“I am light like your grandmother,” she said. Light eyes, long frizzy white hair, a backpack slung over her shoulder. We shared a drink and nuts from a martini glass in the hotel bar, and then Lee Ann walked with me across city blocks to the Blue Water Café, where I ordered oysters fresh from the sea.
She remembered “Aunt Sarah” coming to visit her California family (my late grandfather’s four brothers and one sister all settled in California after serving in the Pacific during World War II; my grandmother’s two sisters also moved west).
My grandmother took over Lee Ann’s kitchen, and when she, a little girl, saw the butter my grandmother had placed on the counter to soften for a cake, Lee Ann diligently put it back in the refrigerator so it wouldn’t spoil.
“Who did this?” my grandmother admonished. Sheepishly, Lee Ann admitted her guilt.
“She wasn’t mad,” Lee Ann explained. “She deemed it a responsible thing to do.”
The grandmother she described to me was full of life, lively, bustling, a baker, a leader—unlike the woman my parents had shown me. I’d known her well but only in partiality. Grandma Sarah lived in Detroit for most of her life, but Lee Ann described a vibrant, talkative, happy woman who recalled her Montreal relatives in great detail. By the time I asked, in the late 1990s, my grandmother had forgotten everything. Lee Ann had names and memories of mink coats.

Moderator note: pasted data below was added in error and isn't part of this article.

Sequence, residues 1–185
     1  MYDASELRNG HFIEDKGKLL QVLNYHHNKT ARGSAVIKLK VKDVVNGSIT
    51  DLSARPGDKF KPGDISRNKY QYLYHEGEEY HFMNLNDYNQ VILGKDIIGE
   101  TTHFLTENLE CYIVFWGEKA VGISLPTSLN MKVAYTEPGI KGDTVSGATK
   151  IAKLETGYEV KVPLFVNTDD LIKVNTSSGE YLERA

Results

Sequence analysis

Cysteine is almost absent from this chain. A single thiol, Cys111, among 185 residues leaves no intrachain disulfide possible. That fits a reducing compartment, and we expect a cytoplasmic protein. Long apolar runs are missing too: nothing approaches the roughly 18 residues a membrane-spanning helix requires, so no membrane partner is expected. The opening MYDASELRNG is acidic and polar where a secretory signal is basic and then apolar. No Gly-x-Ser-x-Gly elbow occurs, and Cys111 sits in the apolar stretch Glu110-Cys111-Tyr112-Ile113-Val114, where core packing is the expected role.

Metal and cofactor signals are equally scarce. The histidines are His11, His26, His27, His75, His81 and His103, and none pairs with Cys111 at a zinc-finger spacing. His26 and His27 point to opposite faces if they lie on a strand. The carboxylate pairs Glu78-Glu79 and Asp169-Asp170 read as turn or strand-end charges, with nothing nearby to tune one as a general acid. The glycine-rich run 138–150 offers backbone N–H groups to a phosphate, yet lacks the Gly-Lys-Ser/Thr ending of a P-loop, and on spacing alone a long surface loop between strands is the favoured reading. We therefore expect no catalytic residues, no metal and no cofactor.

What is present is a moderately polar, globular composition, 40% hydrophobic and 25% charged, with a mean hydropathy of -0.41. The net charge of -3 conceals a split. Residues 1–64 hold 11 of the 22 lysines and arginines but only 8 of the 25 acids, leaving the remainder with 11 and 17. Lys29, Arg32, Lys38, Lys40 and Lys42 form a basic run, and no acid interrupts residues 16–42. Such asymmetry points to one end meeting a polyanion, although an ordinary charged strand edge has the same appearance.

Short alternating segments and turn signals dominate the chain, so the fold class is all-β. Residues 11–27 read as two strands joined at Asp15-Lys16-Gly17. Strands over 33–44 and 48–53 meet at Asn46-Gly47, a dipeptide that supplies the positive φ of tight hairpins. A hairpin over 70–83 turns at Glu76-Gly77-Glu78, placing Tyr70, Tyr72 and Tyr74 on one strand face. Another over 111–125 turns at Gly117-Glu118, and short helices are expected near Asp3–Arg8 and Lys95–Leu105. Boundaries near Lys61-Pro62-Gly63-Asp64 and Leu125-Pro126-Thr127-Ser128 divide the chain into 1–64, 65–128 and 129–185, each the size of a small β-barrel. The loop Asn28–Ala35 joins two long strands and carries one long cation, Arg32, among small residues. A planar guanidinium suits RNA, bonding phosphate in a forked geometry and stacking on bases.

I learned from Lee Ann that my grandmother’s other sister, Bev, had breast cancer and a double mastectomy two decades ago. She would turn 80 in August and my parents would travel to Arizona for the celebration. Lee Ann couldn’t make it. By the time I visited Vancouver, my own sister had just finished a brutal year of breast cancer treatments. Until she was diagnosed, we had no idea of any family history. She is 35.
I learned that my grandmother’s mother was named Nechama, Hebrew for comfort. It is my daughter’s middle name, in memory of a relative in my ex-husband’s family. Lee Ann illustrated all the N names in our family, after this illustrious matriarch: my father, Norman; his sister, Natalie; a cousin, Nicky. Bracha was her mother, Hebrew for blessing. My father’s Hebrew name: Nachman Baruch, for two strong women he never knew. Lee Ann’s Hebrew name was Nechama, too.
In the restaurant, after she left, I was cold—my bare shoulders in a summer tank top as night fell.
“Can I bring you a pashmina?” the waiter offered. I shook my head no, but smiled. I was reading Salinger. The Effingham oyster was my favorite of the four British Columbia bites of sea. As I left, finished beyond full, I took a silver tri-fold card to remember the restaurant. On its cover, the words in white: food, wine, friends.
My final day in Vancouver, I walked the seawall at Stanley Park. In the shade it was cold. Seaplanes took off across the expanse of the bay. Low clouds hung over the mountains.